Banksto look after longer term interests
The private commercial banks (PCBs) were shown as earning high operating profits in recent years. If the banks scored this substantially higher profits from increasing notably their credit disbursement or funding a large number of new borrowers and helping them with entrepreneurship, then the same would be well earned indeed.
Banks profiting from extending resources to entrepreneurs or enterprising means their playing a facilitating role in economic growth. Economic growth occurring, thus, not only underwrites the security of the economy, it does the same for the banks.
From acquiring additional customers or expanding their client base, the banks only add to their resourcefulness over the long haul. The growing customer base means expansion of the banks’ business well into the future. But according to statistics of the Bangladesh Bank (BB), credit growth in commercial banks has been decreasing in recent times.
So, the banks have not got their markedly increased profits in the desired way, i.e. through energizing the wheels of the economy. The greater part of the increased profits of the banks came from their management maintaining their hard squeeze on their existing customers to repay their debts to the banks at the high lending rates fixed earlier. Not only the high rates of interest on borrowing were retained, the rates were also moved up further.
The high interest rate on borrowing helped the short term profit hunger of the banks . But this high profit trend for now will likely be at the cost of their longer term profitability or viability .Businesses or potential entrepreneurs never like a high bank borrowing rate.
Existing customers of the banks are, no doubt, servicing their old debts at the high interest rates which is helping the banks to show high operating profits. But what about the future ? Businesses are presently showing a disinterest in taking bank loans at such high rates of interest. Specially, this mood is deepening in the background of the corona pandemic when business activities have not revived fully or business confidence has not been restored up to expectations or need. As it is, Bangladesh Bank (BB) has been admonishing the banks to supply credits liberally to their customers or would be customers.
The ones who would like to try their hands at business through bank finance, they are sitting on the fence, watching. They will not opt for investment operations till the banksactually push down their interest rates on borrowing. Thus, on the whole, additional investment operations are slowing down as a result of the high cost of banking funds. In the longer run, this could have adverse repercussions on the economy from reduced investments.
Two factors are contributing to the banks’ unwillingness or inability to decrease their lending rate. One is their unbridled operating costs. The other is seen as sheer greed on the part of their owners or management. Both are capable of being cut short from the management embracing ideas that would be best for the long term health of their institutions.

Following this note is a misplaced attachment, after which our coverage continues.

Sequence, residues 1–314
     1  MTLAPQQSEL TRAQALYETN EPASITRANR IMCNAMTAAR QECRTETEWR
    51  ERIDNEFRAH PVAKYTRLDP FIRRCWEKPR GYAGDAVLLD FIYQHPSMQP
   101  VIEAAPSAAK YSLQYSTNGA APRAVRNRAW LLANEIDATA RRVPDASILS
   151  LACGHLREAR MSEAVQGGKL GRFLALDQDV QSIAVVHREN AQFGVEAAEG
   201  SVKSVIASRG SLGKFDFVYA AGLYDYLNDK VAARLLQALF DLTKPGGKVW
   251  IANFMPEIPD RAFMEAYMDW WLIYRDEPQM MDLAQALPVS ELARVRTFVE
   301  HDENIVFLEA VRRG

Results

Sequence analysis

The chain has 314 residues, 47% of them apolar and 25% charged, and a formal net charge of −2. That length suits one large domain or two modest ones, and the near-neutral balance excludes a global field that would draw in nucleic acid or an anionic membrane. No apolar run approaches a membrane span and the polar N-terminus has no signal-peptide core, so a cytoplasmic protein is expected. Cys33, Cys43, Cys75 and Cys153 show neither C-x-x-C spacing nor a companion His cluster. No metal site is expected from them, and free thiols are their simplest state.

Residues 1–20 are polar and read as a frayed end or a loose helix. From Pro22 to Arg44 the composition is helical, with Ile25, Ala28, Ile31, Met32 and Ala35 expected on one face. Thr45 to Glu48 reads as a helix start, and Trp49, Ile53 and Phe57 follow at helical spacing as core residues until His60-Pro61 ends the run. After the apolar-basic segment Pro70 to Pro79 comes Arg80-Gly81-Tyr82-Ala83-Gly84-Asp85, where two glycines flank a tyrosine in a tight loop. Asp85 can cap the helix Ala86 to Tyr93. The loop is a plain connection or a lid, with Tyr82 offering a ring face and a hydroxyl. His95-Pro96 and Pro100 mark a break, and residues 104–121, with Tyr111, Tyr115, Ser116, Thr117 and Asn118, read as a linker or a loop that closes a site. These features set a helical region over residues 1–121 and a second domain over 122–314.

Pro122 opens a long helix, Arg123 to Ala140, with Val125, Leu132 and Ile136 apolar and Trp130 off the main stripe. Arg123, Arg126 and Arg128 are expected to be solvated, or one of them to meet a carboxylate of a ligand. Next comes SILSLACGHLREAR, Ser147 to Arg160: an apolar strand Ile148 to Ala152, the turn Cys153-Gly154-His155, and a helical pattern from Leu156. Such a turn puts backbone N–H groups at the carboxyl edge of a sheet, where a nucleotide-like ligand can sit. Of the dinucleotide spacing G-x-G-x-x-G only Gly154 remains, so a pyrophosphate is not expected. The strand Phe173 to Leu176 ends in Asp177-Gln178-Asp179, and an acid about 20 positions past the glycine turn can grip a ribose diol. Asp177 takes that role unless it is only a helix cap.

Operating costs can certainly be pruned through conscious policies and their efficient implementation. As for greed, the owners-management should see the very sensible point of controlling the same from taking a hard look at how far they can go with high interest rate on borrowing without hurting their long term interests.
The Bangladesh Bank (BB)appears to have become truly conscious only from 2019 of the imperative to push down the lending rate. From April of last year, it issued directive that no PCB ought to charge more than 9 per cent interest while lending while 6 per cent was fixed as maximum interest to be given for receiving deposits. However, it remains to be seen how far these stricter guidelines are being actually followed.
Reportedly, BB’s persuasive advices to the banks on these matters have gone largely unheeded in some cases. Therefore, it needs to step harder on the pedal. Most of the PCBs used to maintain a difference of much over 5 per cent in the spread of interest between lending and receiving of deposits. Some banks had spreads ranging in the double digitsfavouring mainly lending. The international standards for this spread is between 2 to 3 per cent only.
BB should use its authority and dictate a spread conforming to the international standard to be followed by the PCBs. It should at least enforce its declared guideline of a 9 and 6 per cent spread, rigorously.
Presently, banking deposits are also taking flight considerably from the low interests received against deposits. While this process is not hurting the banks in their present positions, it could be a worrying factor over the long run.
But BB’s fixing of a reasonable yield against deposits can solve this problem. Steps taken by BB for facilitating adjusting upwards interests on deposits, should help in the meeting targets of deposit mobilisation by the PCBs. But this has to be a delicate exercise without ‘unduly’ widening again the present aspired spread of interest between lending and deposits.